Ames' struggle to build community aquatic center hits rough water
Editor's Note: A previous version of this story incorrectly stated this project will go to the voters for a bond referendum and misstated the timing of the bidding process and construction as well as the reason for amenities not being available at the North Oak Ave. site.
Ames City Council on Tuesday evening heard passionate pleas to not consider replacing O'Neil Park with the city's proposed $30.1 million Fitch Family Indoor Aquatic Center.
The neighborhood park located on South 4th Street just west of the Iowa DOT offices is being considered for the development because the favored location is contaminated with pollutants.
"The city of Ames has failed me and my friends," said Ames resident Judith Lemish. "It gives me pause about the trust I put in the city of Ames."
The city has invested 18 months into planning for the indoor facility, the latest in a long line of indoor recreation and pool complexes the community has tried to develop over the past two decades.
Several months ago the council settled on a location at 122 North Oak Ave., directly north of the Iowa DOT main offices on Lincoln Way. It is the site of the former St. Cecelia Catholic Elementary school and is owned by the DOT.
However, after three months of environmental studies, the staff presented a report to the council July 12 that the property's soil and ground water is contaminated with a variety of pollutants, including benzene.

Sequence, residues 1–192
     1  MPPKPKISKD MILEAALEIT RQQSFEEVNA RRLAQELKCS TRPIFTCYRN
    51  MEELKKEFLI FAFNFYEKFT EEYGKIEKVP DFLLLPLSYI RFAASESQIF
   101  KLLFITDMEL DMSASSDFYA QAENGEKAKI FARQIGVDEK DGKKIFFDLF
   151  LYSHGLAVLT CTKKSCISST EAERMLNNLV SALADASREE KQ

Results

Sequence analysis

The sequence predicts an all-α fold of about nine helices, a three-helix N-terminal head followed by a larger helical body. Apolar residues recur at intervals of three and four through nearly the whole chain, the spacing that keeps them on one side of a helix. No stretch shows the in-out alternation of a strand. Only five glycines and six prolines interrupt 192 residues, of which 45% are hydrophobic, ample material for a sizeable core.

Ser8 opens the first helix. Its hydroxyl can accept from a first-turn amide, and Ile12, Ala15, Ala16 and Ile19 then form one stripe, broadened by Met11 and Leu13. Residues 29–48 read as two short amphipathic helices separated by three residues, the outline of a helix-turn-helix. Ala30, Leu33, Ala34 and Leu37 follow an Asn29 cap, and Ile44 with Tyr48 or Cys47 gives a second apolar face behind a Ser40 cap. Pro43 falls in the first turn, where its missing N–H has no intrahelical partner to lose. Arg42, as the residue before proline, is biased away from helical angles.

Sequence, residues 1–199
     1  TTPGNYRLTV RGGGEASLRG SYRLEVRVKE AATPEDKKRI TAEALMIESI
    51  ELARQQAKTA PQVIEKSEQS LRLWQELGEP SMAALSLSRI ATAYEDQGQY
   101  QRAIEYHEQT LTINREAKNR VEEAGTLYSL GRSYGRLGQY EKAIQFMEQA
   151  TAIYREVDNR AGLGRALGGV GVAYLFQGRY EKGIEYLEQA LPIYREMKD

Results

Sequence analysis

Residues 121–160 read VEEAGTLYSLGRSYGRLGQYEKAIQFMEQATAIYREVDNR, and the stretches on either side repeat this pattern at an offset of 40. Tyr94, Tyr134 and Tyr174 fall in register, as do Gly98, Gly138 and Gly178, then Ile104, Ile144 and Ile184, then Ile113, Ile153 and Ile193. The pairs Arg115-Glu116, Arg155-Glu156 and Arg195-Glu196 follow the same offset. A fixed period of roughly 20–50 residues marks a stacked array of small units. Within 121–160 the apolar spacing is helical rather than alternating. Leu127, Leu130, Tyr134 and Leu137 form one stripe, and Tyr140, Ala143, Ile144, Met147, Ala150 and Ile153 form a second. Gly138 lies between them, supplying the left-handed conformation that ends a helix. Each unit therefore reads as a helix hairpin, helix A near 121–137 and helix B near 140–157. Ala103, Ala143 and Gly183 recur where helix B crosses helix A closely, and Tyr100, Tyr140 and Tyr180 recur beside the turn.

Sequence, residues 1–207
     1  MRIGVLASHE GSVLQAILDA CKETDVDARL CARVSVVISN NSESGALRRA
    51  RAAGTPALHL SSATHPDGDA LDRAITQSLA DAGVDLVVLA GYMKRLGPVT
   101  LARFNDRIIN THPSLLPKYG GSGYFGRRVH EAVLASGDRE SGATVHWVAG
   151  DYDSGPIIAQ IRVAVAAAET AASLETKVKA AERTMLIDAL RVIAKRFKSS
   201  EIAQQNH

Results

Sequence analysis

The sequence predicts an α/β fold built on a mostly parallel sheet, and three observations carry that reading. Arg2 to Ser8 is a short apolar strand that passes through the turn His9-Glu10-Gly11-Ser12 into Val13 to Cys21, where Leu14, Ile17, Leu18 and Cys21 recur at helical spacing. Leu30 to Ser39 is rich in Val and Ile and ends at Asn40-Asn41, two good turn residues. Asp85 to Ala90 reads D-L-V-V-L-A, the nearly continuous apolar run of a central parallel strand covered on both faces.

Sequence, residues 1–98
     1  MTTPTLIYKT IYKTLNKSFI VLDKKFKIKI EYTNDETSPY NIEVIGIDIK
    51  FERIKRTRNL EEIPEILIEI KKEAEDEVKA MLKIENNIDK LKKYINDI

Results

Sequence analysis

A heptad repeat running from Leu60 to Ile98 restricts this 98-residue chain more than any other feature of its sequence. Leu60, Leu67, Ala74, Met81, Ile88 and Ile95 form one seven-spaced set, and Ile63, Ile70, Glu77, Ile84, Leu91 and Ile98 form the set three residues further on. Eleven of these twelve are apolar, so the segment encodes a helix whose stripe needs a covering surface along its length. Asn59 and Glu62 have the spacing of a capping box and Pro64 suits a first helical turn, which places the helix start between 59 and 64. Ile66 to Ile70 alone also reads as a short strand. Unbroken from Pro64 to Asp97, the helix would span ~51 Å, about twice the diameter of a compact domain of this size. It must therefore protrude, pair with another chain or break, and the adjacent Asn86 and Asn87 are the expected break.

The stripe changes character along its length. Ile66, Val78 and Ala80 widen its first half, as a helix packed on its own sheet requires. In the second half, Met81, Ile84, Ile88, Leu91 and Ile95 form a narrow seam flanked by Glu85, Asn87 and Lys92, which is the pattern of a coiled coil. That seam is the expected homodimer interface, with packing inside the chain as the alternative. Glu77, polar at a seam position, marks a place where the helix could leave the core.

What's next for the Ames Indoor Aquatic Center?
Council hopes to make the final decision regarding the site location so it can take the project to bid in 2023 and begin construction later in the year. The project does not require a bond referendum thanks to the city's Reinvestment District. If these timing goals aren't met, the project would likely have to wait a year for the next construction season in 2024.
Mayor John Haila said Tuesday night that the council will take the staff's report under advisement along with the input from the community made in person at Tuesday's council meeting and comments made via email. Haila and several council members encouraged citizens to send their input via email. The city's website has the email addresses for the council and mayor.
The council could take up the issue and make a decision about the site location at the August 9 council meeting. Haila would not commit to whether he would allow additional public comment on the matter when the council brings the matter back for a vote on the site location.
Meanwhile, Ames Parks and Recreation Director Keith Abraham is sending messages to approximately 8,000 email addresses maintained by the Ames Parks and Recreation Department to notify them of this process and upcoming decision regarding the site. Abraham said any citizens who would like to be added to that email list can send him a message at email@example.com.
Aquatic Center hits rough water
At the council's meeting July 12, city staff was directed to go back to reconsidering potential locations that were located near the city's new Iowa Reinvestment District that could generate as much as $10 million in tax rebates to help pay for the recreation development.